It is time for the Montgomery County Board of Education to exercise leadership on an issue of fundamental importance to our children's education -- the curriculum.
School Superintendent Jerry Weast thus far has been remarkably successful in limiting the fallout from his disastrous new math curriculum by wielding the argument that reforms must be given a chance to succeed. But for parents and teachers, a far more compelling proposition is that poorly designed, poorly executed reforms must not be given a chance to fail.
According to an official county school report, only 36 percent of the teachers involved in the 2002 summer school program were satisfied with the new math curriculum. Worse, by Montgomery County's own measurements, the progress of the students taught this curriculum for a month was so slow that, without improvement in the learning rate, it would take them about 20 years to make it through the K-8 curriculum.
Teacher response has been even more negative since the start of the official school year. A torrent of critical postings on the school system's e-mail system calls the new curriculum a catastrophe in the making.
Most poignant are those e-mails describing the demoralizing effect the curriculum is having on students. Teachers hate the curriculum too, and the reasons they give are remarkably consistent:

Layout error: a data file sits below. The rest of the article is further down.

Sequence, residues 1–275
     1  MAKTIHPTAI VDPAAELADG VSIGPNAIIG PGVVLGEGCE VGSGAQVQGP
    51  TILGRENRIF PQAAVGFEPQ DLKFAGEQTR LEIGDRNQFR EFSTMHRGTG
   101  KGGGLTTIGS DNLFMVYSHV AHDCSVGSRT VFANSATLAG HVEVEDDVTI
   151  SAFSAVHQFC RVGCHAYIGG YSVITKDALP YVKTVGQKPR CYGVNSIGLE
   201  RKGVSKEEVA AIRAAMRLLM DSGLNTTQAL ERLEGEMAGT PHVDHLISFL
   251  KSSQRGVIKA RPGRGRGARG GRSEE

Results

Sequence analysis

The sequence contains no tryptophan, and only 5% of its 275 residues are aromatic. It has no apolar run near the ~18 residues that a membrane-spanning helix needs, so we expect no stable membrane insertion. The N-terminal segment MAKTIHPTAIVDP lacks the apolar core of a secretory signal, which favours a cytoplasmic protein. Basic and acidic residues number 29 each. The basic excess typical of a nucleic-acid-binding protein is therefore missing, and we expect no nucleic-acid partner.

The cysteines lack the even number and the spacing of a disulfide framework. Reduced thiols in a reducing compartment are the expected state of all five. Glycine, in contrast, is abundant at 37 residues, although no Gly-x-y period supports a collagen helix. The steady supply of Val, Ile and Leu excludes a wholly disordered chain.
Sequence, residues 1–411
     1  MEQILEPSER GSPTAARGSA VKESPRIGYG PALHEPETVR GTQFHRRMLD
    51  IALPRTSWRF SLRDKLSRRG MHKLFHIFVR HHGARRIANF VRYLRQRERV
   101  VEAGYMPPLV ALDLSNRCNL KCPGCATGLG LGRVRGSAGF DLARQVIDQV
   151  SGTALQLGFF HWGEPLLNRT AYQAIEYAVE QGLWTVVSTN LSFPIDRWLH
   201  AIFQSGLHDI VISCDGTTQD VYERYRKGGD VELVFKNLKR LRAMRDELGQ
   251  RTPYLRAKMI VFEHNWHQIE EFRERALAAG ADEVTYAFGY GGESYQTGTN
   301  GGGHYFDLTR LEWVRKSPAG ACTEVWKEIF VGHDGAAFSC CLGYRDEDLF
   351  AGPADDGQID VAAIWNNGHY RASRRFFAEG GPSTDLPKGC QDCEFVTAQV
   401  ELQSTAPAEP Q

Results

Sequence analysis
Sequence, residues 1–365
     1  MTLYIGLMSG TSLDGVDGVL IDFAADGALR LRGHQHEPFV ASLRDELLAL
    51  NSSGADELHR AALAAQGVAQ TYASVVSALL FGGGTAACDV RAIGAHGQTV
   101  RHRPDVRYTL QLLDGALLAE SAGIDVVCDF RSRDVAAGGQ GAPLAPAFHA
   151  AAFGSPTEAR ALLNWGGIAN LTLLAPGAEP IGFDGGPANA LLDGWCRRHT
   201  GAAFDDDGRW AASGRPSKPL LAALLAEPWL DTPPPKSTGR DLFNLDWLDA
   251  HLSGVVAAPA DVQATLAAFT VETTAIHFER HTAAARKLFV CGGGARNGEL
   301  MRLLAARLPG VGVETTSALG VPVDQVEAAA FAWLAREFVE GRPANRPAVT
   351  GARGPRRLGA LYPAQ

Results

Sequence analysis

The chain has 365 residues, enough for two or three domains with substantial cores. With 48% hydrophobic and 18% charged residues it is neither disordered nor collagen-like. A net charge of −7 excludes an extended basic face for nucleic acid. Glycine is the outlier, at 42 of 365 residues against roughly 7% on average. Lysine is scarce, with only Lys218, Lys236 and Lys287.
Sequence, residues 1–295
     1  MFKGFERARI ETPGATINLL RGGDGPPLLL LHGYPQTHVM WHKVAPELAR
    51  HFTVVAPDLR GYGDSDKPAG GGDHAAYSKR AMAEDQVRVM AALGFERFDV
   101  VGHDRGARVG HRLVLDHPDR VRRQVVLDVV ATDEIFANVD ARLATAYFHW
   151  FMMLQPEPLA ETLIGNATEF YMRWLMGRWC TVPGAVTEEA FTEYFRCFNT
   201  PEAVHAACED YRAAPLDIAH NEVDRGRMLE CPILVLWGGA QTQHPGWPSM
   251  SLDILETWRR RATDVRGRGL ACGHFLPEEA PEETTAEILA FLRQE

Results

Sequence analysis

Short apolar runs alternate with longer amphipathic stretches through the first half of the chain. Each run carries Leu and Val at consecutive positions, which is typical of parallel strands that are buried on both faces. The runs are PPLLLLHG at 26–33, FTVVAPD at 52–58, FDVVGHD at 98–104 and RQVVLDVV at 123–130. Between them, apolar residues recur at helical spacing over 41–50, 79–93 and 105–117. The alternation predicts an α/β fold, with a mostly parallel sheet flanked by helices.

* Excessive emphasis on writing.
* Poorly designed and inordinately time-consuming unit assessments that frequently do not match the curriculum.
* Too many goals crammed into too short a time, making it impossible for students to master important skills.
* Incoherent organization.
* Age-inappropriate objectives.
In response, the school system has made a few cosmetic changes and fatuously pronounced the problem fixed. But the criticism has only escalated.
In an informal survey conducted recently, only one of 52 teachers responding voted to keep the new curriculum as is. Most felt that the old Instruction System in Mathematics (ISM), while flawed, was vastly preferable to what we have now -- an overstuffed mishmash, hastily developed and haphazardly implemented in the name of "alignment to state standards."
This month a coalition of six countywide parent organizations issued a statement calling on the schools to immediately return to the ISM curriculum and, in collaboration with teachers, parents and advocacy groups, streamline, improve and modify it to achieve a "world-class math curriculum for all students."
If the Board of Education nonetheless remains determined to give Weast's curriculum more time to fail, then its first allegiance is clearly not to our children. However, if the board is committed to raising the bar and closing the gap, it will abort this experiment now and begin revising the ISM on a basis of proven math standards and curriculum in use in the United States and around the world. Anything less will be a violation of the schools' own policies and a betrayal of the children, teachers and parents of Montgomery County.
-- Laurie Sekiguchi